Though Twitter has never turned a profit in its seven years of existence, its public debut on Thursday valued the company at a whopping $31 billion dollars. Twitter’s inaugural day on the New York Stock Exchange was met with much fanfare after a week of raising its share price, reflecting high demand for the social media’s stock. Though the trading price was set at $26 per share Wednesday night, the shares began trading for $45.10 — 73 percent higher than its initial asking price. But will the high last? We’re joined by media strategist Sarah Evans and Reuters’ Felix Salmon to discuss the initial public offering. In addition, we’ll talk about eBay founder Pierre Omidyar’s new brainchild: a digital media outlet that has already attracted the talent of the Guardian’s Glenn Greenwald and Dan Froomkin, formerly of the Washington Post, among others. We’ll chat about the typical challenges and decisions that a digital media outlet faces as it emerges. We’re also joined by regular guests Monica Guzman of the Seattle Times and Geekwire, American University’s Andrew Lih, and our host, MediaShift’s Mark Glaser.
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Mark Glaser is executive editor of MediaShift and Idea Lab. He is a longtime freelance writer and editor, who has contributed to magazines such as Entertainment Weekly, Wired and Conde Nast Traveler, and websites such as CNET and the Yale Global Forum. He lives in San Francisco with his wife Renee and son Julian. You can follow him on Twitter @mediatwit.
Andrew Lih is a new media journalist and associate professor of journalism at the American University School of Communication. He is the author of “The Wikipedia Revolution” (Hyperion 2009, Aurum UK 2009) and is a noted expert on online collaboration and journalism. He is a veteran of AT&T Bell Laboratories and in 1994 created the first online city guide for New York City (www.ny.com). Follow him on Twitter @fuzheado and buy his book here.
Mónica Guzmán is a columnist for the Seattle Times and Northwest tech news site GeekWire and a community strategist for startups and media. She emcees Ignite Seattle, a grab-bag community-fueled speaker series. Mónica was a reporter at the Seattle Post-Intelligencer and seattlepi.com, its online-only successor, where she ran the experimental and award-winning Big Blog and drew a community of readers with online conversation and weekly meetups. Follow her on Twitter @moniguzman.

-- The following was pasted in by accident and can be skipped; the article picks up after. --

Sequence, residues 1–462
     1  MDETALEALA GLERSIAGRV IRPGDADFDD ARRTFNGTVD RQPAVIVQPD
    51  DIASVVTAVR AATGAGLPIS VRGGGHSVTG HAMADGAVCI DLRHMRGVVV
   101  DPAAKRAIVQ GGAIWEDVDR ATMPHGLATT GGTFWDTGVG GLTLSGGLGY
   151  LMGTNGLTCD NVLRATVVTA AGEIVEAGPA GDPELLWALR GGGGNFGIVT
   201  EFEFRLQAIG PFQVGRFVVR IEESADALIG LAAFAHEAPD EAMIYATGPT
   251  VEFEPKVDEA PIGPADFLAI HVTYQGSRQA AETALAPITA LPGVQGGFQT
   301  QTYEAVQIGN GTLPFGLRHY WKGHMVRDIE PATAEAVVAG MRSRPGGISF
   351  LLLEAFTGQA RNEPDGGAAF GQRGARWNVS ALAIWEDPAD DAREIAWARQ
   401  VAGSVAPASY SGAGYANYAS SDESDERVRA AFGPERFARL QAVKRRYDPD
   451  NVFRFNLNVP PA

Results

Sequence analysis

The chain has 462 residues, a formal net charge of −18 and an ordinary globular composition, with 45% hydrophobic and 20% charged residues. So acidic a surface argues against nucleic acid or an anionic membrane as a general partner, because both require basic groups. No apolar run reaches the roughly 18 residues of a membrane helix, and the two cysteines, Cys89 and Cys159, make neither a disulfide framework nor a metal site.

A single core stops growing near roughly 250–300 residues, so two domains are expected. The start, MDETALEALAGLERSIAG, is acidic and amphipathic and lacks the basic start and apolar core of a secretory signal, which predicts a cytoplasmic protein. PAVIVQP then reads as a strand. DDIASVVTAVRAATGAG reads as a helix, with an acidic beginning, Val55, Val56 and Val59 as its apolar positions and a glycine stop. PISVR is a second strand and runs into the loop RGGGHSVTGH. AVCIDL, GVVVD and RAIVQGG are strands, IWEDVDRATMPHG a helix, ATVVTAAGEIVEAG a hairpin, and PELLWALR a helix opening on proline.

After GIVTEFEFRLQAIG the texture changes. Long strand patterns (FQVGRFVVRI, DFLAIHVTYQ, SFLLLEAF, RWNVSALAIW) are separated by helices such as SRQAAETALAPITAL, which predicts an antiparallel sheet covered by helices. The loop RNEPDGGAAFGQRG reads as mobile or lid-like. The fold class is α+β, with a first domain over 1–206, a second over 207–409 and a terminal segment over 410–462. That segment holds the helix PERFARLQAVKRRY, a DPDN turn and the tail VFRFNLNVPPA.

Felix Salmon is the financial blogger for Reuters. He was named one of Time Magazine’s 25 Best Financial Bloggers, and offers his frank view on the maneuverings of Wall Street, Washington and popular culture. Watch him on Felix TV or follow him on Twitter @felixsalmon.
Sarah Evans (@PRsarahevans) is a social and digital strategist, correspondent and publisher with her company Sevans Strategy. She works with companies like Cox Communications, as a digital correspondent, runs popular digital lifestyle publication FAVES + CO. (http://sarahsfav.es), and shares a weekly email digital literacy resource for parents and teachers, #1StepAhead.
1. Twitter’s IPO hits the NYSE floor
On Thursday, Twitter began trading publicly after a week of raising its target share price that indicated the company’s IPO optimism. But there are reasons to be skeptical about the company: its slowing rate of new users and failure to make a profit mean that some believe the company is overvalued. Twitter’s debut comes in the wake of Facebook’s messy spring 2012 IPO, with its initial $38 shares plummeting to $18 by last September. So far, though, the public offering seems to have proceeded without any disasters, leading the banker who organized the IPO, Anthony Noto, to issue a public “phew” over Twitter. Regardless, many investors have voiced skepticism that the soaring Twitter shares will stay gold. Is Twitter a bubble that is about to pop? Or is there something about Twitter that is sturdier than its social media peers?
2. Omidyar’s $250 million bet on a media startup
Pierre Omidyar has dabbled in news before, backing a variety of news and transparency-focused ventures with the Omidyar Network, including the Poynter Institute and the Transparency and Accountability Initiative, and he also launched the Hawaii non-profit site Civil Beat. He considered buying the Washington Post, before realizing that an investment of that size could bankroll an entirely new media organization, he told the New York Times. He began talks with Glenn Greenwald, a journalist famous for his involvement in the Edward Snowden leaks this past summer. The venture’s plans were leaked before the media organization could even give itself a name, but the outlet, which for now is calling itself NewCo, is starting to show its ambitions. NewCo won’t just house investigative journalism, but every section that is common in a media outlet, writes Omidyar. But how does one go about creating the next New York Times or Huffington Post? What should its vision be? Will rich businessmen with an interest in news like Omidyar and Jeff Bezos be what turns the media industry around?
Ads Scant When Twitter Crosses Borders (NY Times)
Existential Journalism Revisited (The Huffington Post)
Netflix Enters Race for Oscars (Mashable)
Internet Kills the Video Store (NY Times)
Claire Groden is the podcast intern for PBS Mediashift and a current senior at Dartmouth College. You can follow Claire on Twitter @ClaireGroden.Related